They have also shelled out for some French toast left on Justin Timberlake’s breakfast plate, a drop of Ronald Reagan’s blood and even a tissue used by Scarlett Johansen.
But though some of these may sound gross, they are merely the bottom end of a booming multi million pound market for celebrity memorabilia, said the report by auction analysts.
At the other end of the scale, rich collectors are spending £1 million or more on the dress Judy Garland wore in the Wizard of Oz or nearly three times as much on James Bond’s Aston Martin DB5.
A report by Barnebys, which lists a million items from 2,000 auction houses worldwide, said a ‘significant’ number of its lots are now celebrity memorabilia, but not all are glamorous.
Among those it has seen sold are William Shatner’s kidney stone – which he sold for £14,000 to raise money for charity – a lock of Justin Bieber’s hair and John Lennon’s tooth.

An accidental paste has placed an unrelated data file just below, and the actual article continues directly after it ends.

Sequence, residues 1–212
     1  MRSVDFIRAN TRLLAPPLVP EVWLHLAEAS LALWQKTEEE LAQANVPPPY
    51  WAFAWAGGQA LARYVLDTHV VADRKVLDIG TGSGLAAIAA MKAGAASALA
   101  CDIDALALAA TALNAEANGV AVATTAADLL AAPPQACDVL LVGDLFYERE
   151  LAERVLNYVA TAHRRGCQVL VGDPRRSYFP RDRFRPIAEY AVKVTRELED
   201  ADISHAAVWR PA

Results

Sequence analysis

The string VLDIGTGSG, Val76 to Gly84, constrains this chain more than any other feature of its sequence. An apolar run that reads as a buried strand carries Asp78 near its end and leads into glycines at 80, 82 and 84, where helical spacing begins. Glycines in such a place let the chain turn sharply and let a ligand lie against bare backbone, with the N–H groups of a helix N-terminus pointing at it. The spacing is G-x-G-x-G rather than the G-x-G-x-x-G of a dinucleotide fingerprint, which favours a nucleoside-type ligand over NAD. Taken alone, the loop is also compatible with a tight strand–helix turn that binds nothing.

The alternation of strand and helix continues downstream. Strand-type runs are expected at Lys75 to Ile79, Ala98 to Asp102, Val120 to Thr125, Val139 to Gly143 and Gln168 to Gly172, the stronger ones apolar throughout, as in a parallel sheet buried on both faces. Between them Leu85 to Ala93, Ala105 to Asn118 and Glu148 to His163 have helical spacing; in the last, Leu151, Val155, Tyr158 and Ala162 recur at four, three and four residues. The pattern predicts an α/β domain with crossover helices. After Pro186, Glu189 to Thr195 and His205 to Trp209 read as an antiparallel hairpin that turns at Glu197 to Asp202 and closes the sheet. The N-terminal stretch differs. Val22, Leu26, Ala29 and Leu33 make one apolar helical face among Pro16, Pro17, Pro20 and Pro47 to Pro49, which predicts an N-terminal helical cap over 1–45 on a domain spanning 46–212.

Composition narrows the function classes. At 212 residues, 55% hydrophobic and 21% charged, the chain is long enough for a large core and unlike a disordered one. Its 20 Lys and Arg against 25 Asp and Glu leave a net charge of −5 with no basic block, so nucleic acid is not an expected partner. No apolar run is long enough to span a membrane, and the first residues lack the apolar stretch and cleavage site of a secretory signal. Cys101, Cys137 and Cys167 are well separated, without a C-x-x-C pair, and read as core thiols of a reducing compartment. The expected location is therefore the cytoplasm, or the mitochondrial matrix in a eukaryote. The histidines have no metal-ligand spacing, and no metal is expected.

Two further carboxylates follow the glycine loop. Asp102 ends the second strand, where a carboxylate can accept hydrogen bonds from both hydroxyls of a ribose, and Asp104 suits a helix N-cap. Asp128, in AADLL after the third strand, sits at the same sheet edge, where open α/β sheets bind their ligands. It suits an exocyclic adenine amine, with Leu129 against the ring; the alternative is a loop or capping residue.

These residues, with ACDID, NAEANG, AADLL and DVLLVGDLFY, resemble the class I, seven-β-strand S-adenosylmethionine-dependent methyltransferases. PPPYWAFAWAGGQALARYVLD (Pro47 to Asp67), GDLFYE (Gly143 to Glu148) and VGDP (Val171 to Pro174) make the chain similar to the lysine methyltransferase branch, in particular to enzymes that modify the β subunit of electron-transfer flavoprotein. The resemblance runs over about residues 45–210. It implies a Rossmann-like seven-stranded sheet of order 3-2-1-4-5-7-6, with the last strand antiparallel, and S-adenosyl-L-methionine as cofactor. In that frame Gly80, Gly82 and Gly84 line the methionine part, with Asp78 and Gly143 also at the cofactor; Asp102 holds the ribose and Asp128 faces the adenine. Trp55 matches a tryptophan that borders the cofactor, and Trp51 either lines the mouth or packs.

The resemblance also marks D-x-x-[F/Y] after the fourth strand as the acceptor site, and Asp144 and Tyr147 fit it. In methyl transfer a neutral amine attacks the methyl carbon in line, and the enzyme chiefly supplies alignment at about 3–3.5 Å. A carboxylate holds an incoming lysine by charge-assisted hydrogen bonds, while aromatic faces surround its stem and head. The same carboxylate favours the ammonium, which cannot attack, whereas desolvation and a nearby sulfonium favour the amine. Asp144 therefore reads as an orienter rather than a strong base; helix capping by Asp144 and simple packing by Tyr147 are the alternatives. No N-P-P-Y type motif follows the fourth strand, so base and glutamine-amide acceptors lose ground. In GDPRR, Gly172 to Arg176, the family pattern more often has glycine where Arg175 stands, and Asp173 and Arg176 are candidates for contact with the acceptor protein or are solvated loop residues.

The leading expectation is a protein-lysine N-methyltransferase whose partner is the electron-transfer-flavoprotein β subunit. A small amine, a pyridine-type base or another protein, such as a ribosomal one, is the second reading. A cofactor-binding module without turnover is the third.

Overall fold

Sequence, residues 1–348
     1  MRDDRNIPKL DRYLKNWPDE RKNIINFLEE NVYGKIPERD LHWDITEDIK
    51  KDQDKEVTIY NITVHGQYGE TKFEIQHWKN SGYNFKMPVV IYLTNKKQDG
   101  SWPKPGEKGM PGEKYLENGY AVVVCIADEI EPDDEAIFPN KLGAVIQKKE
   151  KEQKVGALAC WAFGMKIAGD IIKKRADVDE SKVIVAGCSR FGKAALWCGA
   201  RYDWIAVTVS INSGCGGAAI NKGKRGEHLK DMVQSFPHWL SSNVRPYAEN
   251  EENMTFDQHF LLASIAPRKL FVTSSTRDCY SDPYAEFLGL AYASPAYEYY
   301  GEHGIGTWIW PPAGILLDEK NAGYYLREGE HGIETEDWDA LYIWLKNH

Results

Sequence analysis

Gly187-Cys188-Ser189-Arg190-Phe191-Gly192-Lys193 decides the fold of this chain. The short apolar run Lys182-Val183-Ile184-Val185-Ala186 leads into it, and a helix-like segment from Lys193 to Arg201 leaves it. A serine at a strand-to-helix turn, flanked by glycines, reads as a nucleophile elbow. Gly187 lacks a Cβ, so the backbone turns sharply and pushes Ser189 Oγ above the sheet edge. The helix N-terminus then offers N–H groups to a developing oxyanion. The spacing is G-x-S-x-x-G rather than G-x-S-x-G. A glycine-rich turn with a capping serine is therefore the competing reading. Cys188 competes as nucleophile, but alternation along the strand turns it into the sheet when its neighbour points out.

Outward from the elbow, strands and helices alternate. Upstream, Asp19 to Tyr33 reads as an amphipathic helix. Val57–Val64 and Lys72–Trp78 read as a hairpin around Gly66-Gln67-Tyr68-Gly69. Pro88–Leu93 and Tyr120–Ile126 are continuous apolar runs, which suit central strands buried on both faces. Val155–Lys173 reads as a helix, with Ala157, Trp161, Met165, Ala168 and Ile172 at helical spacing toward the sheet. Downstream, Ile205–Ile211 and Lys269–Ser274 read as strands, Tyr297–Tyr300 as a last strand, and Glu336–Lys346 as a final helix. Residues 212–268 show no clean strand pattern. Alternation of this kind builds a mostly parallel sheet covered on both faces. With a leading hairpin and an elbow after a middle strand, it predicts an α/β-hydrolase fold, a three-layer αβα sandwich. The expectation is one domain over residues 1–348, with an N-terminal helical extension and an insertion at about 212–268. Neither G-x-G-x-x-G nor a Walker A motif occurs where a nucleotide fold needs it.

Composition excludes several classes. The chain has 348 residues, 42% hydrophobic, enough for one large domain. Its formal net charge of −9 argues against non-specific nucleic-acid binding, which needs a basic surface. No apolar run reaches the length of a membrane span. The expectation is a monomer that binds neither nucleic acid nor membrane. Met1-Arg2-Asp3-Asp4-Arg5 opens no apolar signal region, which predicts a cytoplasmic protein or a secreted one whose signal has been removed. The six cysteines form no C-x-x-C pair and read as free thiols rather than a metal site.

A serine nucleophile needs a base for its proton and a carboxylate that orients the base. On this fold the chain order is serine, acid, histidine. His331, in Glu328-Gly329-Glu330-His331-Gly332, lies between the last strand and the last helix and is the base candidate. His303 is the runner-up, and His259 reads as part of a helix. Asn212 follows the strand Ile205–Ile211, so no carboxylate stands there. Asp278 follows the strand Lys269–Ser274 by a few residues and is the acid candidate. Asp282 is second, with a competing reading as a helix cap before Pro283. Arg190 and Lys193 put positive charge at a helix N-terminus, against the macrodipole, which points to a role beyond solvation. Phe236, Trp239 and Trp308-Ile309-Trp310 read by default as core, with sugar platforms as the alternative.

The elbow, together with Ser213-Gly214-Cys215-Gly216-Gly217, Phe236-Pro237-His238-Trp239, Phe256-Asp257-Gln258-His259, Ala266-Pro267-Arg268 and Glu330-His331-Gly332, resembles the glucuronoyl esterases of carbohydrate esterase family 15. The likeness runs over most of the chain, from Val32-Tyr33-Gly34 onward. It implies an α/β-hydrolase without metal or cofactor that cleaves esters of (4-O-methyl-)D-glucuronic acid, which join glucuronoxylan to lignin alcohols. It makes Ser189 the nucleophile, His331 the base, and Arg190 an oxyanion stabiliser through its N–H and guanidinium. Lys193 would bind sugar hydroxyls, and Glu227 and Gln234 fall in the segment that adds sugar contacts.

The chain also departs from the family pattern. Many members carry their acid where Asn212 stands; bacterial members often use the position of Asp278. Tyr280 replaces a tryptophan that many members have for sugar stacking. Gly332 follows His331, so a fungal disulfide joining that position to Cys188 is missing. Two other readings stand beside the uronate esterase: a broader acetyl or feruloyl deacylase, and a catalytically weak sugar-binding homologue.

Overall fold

Its report said: “The cult of celebrity is so powerful it seems that collectors will pay more for memorabilia touched and used by famous people.
“They believe it has something of the essence of the celebrity who once owned it and in this way that get to own a piece of the celebrity.”
Outfits are particularly big business, from the cowardly lion’s costumer in the Wizard of Oz, which sold for £2.3 million, to an evening gown Audrey Hepburn wore in Breakfast at Tiffany’s which sold for around £470,000.
But almost any famous prop will sell, say auctioneers. A whip used by Harrison Ford in the role of Indiana Jones went for £47,000 and a Delorean in Back to the Future sold for £417,000 for instance.
At the less glamorous end of the scale, a tissue used by Scarlett Johansen was sold on eBay for £3,600.